Taiwanese reaction to Nancy Pelosi’s visit ranges from excitement to anger

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TAIPEI, Taiwan — There were signs that Taiwanese were both thrilled and anxious about Nancy Pelosi’s visit during the roughly 18 hours she and other U.S. lawmakers spent on the island.

“More the [Chinese Communist Party] it’s that the happier I am,” Ingrid Ho, 35, a resident of Taipei, told The Washington Post on Wednesday. “Pelosi’s coming could mean all sorts of consequences, but right now the excitement outweighs the reason.”

Ho, like many of Taiwan’s 23 million citizens, has lived with threats from China for decades. “Maybe it’s because Taiwanese are used to being scared,” Ho said. “We’re at the center of this conflict, but somehow I still feel like a viewer – just curious how it’s going to turn out.”

Pelosi is a longtime critic of the Chinese Communist Party, winning her fans among those who support Taiwan independence. In 1991, Pelosi traveled to Beijing and held up a black and white banner in Tiananmen Square to commemorate the victims of the 1989 massacre that read, “To those who died for democracy.” In recent years, she has been a strong supporter of the pro-democracy movement in Hong Kong.

On Tuesday, at Taipei Songshan Airport, a small group of supporters waited to greet Pelosi – and the atmosphere felt like “the countdown to the new year,” Lin Ching-yi, a lawmaker from Taiwan’s Democratic Progressive Party, wrote on Facebook.

“I am very happy that President Pelosi came to show her support,” said Liu Yueh-hsia, 72, holding a banner that read: “President Pelosi, welcome to the Republic of Taiwan.”

Liu, who has been advocating for Taiwan’s formal independence for decades, added: “We have nothing to do with China. We don’t want to be united with them.

Taipei 101, the tallest skyscraper in Taiwan, was lit up with welcome messages for Pelosi in English and Chinese.

Elsewhere on the island, however, small groups of protesters, including those who support unification with China, trampled American flags and held up signs disparaging Pelosi and urging the American delegation to return home. One held up a sign calling Pelosi an “American witch.”

At a press conference with Taiwanese President Tsai Ing-wen on Wednesday, Pelosi was asked what she could offer Taiwan to offset any costs the island would incur — including economic retaliation from China — following his visit.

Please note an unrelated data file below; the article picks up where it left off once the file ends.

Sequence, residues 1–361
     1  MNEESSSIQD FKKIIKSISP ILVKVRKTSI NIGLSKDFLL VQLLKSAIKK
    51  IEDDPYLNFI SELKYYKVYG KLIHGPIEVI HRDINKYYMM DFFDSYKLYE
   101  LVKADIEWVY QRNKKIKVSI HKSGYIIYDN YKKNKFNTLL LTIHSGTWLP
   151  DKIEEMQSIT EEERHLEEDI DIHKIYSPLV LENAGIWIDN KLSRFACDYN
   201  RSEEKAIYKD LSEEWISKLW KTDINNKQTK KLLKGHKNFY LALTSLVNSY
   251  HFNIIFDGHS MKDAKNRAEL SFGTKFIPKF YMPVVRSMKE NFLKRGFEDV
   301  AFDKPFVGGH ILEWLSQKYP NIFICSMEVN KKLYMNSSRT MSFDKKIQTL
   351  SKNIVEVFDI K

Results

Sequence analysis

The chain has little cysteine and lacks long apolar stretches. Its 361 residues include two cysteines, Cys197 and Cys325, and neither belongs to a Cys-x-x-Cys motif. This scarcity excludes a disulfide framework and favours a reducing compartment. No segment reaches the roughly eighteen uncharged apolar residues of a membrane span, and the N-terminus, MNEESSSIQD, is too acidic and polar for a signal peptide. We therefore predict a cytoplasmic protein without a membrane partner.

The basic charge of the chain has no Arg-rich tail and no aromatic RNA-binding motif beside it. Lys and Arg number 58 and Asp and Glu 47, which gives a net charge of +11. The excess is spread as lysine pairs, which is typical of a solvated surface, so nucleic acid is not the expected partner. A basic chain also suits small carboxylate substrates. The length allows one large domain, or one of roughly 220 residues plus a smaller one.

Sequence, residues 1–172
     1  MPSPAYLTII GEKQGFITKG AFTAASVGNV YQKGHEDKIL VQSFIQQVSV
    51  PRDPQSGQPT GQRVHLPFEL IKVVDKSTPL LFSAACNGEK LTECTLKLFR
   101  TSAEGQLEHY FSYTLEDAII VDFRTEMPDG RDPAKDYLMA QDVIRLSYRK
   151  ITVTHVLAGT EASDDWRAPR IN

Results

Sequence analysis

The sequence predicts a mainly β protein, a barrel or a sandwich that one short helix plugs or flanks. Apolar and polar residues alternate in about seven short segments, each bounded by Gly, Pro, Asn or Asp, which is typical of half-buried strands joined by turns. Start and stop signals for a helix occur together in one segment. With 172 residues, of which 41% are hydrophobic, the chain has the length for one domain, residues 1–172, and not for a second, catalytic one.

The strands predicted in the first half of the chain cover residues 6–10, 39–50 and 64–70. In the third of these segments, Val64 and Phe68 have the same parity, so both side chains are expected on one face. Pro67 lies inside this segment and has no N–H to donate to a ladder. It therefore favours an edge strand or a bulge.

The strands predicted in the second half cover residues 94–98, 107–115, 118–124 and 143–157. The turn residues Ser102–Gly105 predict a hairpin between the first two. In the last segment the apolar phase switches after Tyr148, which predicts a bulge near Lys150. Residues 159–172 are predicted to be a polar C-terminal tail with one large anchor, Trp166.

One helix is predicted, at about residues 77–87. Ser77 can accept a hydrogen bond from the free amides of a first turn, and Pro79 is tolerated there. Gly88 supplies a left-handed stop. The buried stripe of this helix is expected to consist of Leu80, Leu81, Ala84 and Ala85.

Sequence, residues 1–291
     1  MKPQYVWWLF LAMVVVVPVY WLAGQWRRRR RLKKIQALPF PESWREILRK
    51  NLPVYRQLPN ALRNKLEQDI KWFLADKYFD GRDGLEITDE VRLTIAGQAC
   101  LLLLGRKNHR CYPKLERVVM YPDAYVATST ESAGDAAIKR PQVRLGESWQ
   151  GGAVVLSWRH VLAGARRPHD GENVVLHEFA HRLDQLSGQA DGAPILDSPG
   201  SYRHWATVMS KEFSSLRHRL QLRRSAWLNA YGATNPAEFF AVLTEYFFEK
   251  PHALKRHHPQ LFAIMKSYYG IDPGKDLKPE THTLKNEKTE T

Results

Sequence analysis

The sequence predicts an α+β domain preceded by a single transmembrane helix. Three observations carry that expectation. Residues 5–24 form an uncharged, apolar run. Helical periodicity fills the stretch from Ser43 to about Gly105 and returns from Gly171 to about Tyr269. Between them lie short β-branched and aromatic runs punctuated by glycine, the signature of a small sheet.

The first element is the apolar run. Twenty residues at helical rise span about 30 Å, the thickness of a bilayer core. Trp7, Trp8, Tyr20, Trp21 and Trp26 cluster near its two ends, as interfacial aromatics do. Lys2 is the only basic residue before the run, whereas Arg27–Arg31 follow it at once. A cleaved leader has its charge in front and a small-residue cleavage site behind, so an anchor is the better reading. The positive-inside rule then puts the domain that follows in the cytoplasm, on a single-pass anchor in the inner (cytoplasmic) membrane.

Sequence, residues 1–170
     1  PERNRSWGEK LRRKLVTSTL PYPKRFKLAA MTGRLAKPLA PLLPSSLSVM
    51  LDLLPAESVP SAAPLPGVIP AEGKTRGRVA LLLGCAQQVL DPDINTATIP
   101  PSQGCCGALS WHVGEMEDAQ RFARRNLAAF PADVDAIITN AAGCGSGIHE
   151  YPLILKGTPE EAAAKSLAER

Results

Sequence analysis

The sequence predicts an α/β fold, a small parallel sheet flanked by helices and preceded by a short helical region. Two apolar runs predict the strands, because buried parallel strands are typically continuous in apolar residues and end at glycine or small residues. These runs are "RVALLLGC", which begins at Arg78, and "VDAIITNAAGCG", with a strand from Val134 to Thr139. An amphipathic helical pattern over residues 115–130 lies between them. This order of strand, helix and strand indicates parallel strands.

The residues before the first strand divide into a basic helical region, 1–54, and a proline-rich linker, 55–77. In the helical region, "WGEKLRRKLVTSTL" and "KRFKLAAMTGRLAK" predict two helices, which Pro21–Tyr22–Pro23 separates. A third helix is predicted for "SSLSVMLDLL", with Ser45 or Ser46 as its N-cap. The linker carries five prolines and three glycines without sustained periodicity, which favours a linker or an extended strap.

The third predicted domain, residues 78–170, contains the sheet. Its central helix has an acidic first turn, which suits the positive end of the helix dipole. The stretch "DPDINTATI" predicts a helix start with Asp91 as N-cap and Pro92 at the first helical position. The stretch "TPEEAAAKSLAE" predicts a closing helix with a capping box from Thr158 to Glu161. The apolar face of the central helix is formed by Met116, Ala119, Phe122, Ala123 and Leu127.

She replied that her visit was part of a larger effort by the United States to have “better economic exchanges” with Taiwan, and she said that “important” Taiwanese companies were already considering investing in manufacturing in the United States” She also hailed “the ingenuity, the entrepreneurial spirit, the intellectual power, the intellectual resource that exists in Taiwan,” and called on the island’s tech sector “A model.”

White House spokesman John Kirby said Tuesday that “China has positioned itself to take further action” following Pelosi’s visit – which could include more military exercises near Taiwan and measures of “economic coercion”, he said. “We expect them to continue to respond in the longer term,” he added.

China on Thursday blacklisted two Taiwanese nonprofits affiliated with Taiwan’s Ministry of Foreign Affairs, a move that local reports say is a response to Pelosi’s visit. “Beijing’s intimidation would serve no purpose other than to incite Taiwanese antipathy towards China,” Lai Jui-lung, a lawmaker with Taiwan’s Democratic Progressive Party, told the Taipei Times. “We urge the communist regime in China to stop before it falls into an abyss.”

Although most Taiwanese think war is the last thing China wants, some still worry about the short-term consequences of the visit.

Zamake Chang, 30, an engineer from Taoyuan, said Wednesday he spent the day watching flights from Taiwan’s main airport to see if any had been disrupted. “I’m supposed to travel overseas soon, and I’m quite worried that the Chinese military maneuvers will block us, and I won’t be able to go,” he said.

“Before the start of the war in Ukraine, people were also saying that Russia would not invade,” he added. “Historically, there have been many wars that started suddenly. So really, it’s quite tense now.

Annabelle Timsit, Vic Chiang and Pei-Lin Wu contributed to this report.

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